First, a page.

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Gear Rumors

Canon Testing Third Party FF Sensors & News on the 16-35mm F/2.8L Replacement {Daily Roundup}

By Anthony Thurston on October 26th 2015

Welcome to our roundup series where we will hit on several gear news and rumor topics each day. This gives you a chance to get caught up on all of the day’s news and rumors in one place. Make sure to check back daily for the latest gear news, rumors, and announcements.

Canon Actively Testing Third Party Sensor Options?


This hardly comes as a surprise to me, but in a post over on Canon Rumors today, it was revealed that Canon could be currently testing a third part full frame sensor. The 1D and 5D series are both due for an upgrade in the next year, so this sensor testing could be part of that development process.

According to the CR post, Canon is testing two variations of this upcoming camera. One with a third-party full frame sensor and one with a Canon made full frame sensor. It would seem likely that the non-Canon sensor is a Sony sensor, but I suppose it could also be Toshiba or Samsung, or if you want to get way out there, Sigma/Foveon.

It would also seem likely that Canon will test the two sensors and whichever performs best in the new camera, while meeting Canon’s quality and cost metrics, will be the sensor chosen to feature in the new camera.

The chances are that Canon sticks with their own sensor, they have spent a lot of time and money building their sensor production capabilities, and they would have to be pretty enamored with the third party sensor to choose it over their in-house options.

16-35mm F/2.8L Replacement To Feature BR Technolgy?


The Canon rumors are strong this morning, with another rumor indicating that an upcoming lens announcement will feature Canon’s BR (Blue Spectrum Refractive) technology.

According to the CR post, the only lens currently rumored to be coming soon that fits the bill is the upcoming 16-35mm F/2.8L IS II. The lens is extremely popular with event photographers and given the 1D and 5D upgrades coming in 2016, it makes sense that this lens could be the next BR lens for Canon to release.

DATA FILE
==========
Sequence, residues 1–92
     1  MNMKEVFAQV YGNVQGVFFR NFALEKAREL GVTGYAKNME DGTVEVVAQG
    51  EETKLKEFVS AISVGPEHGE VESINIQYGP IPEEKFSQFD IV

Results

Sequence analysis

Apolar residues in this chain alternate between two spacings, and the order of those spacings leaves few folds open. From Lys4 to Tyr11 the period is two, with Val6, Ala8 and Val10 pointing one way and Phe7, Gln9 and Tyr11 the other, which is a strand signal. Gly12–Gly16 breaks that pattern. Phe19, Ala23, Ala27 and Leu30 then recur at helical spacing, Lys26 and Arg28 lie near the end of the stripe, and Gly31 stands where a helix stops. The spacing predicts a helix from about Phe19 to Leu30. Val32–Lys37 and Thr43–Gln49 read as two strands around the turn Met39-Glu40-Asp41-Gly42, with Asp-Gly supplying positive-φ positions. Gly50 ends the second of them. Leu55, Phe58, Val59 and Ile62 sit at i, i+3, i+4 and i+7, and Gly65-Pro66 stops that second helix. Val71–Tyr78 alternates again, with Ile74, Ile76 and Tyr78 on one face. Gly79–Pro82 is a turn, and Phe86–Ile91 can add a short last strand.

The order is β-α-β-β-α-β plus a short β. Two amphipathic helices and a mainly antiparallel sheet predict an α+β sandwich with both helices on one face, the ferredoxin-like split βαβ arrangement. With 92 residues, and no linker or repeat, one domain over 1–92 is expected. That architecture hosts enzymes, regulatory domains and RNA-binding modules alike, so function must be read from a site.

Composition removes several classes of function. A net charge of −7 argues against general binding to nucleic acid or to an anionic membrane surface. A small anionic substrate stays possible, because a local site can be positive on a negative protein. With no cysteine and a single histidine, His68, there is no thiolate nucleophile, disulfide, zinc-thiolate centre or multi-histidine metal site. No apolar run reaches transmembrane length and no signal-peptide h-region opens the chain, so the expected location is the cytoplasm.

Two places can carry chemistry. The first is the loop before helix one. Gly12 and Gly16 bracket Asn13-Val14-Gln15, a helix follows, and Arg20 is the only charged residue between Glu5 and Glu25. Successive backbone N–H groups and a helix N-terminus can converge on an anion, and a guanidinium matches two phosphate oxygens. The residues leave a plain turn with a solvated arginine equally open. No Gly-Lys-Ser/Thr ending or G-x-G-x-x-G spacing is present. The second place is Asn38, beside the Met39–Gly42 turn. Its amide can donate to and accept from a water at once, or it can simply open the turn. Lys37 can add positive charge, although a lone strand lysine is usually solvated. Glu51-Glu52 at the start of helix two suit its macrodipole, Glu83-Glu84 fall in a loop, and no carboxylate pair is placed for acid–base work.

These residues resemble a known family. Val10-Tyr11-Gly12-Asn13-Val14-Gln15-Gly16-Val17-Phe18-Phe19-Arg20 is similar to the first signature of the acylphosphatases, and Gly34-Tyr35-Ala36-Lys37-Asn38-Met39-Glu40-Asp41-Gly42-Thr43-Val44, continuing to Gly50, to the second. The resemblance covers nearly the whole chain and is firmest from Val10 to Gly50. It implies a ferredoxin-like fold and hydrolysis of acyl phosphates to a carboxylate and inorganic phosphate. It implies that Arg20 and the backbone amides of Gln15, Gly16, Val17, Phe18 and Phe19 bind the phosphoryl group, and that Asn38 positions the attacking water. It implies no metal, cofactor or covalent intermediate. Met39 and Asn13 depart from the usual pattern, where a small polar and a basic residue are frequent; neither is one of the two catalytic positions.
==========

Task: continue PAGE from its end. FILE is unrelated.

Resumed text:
But who knows, it is also entirely possible that Canon could be coming out with something completely new, or some other lens that we are as of yet unaware of will feature the BR  technology.

PocketWizard Takes a Page from Chinese Trigger with New PlusIV’s


PocketWizard announced their new Plus IV triggers last week, and the new design takes a page from their Chinese competition, featuring their first real horizontally mounted trigger in the PW system (miniTT triggers notwithstanding).

The biggest reason for the horizontal mounting, rather than vertical as all other PW triggers, is the new inclusion of a hot shoe, allowing for an on-camera flash to still be mounted. This is something that other trigger makers have been doing for some time, but that PW has resisted in their standard trigger lineup.

These new triggers will also be TTL compatible with Canon, Nikon, Panasonic, and (probably) Fuji and Olympus. That is impressive in its own right, though curious that Sony is not on that list. You would think that Sony, given all the buzz and people switching to that system, would be higher on the list than Fuji or Olympus. But regardless, the TTL compatibility of this unit is a huge selling point for the Plus IV.


According to PW, the new Plus IV units will be available in January 2016 and will retail around $150. Still quite a bit more than most other third party options, but given the quality and features of this unit, I think it is a price that many pros will be ok with.

We will keep you update on availability and pre-orders once they are made available.

What are your thoughts on today’s roundup? What news/rumors did we miss? What would you like to see covered in future roundups? Leave a comment below and let us know what you think!

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Anthony Thurston is a photographer based in the Salem, Oregon area specializing in Boudoir. He recently started a new project, Fiercely Boudoir to help support the growing boudoir community. Find him over on Instagram. You may also connect with him via Email.

Q&A Discussions

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  1. Julien Massie

    New 16-35 2.8 L hype is ……….. with new sensor performance who wants a huge heavy piece of glass when the ”new” 16-35 f4 is out there outperforming the 2.8 on every aspect.

    I think wide angle zoom at f4, with new sensor technologies will be the new standart even for night shot. Example, traveling and hiking with the nikon legendary heavy 2.8 wide angle is not really funny. I prefer a more lightweight L f4 for landscape and wide shot over a heavy 2.8 everyday.

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    • adam sanford

      Agree with you for landscapes, but you are missing three major camps of photographers with an f/4 UWA zoom — sports, events and astro.

      Events could get reasonably get by with f/4 + IS, but astro and sports need f/2.8 at the minimum. This new 16-35 f/2.8L III is undoubtedly for them.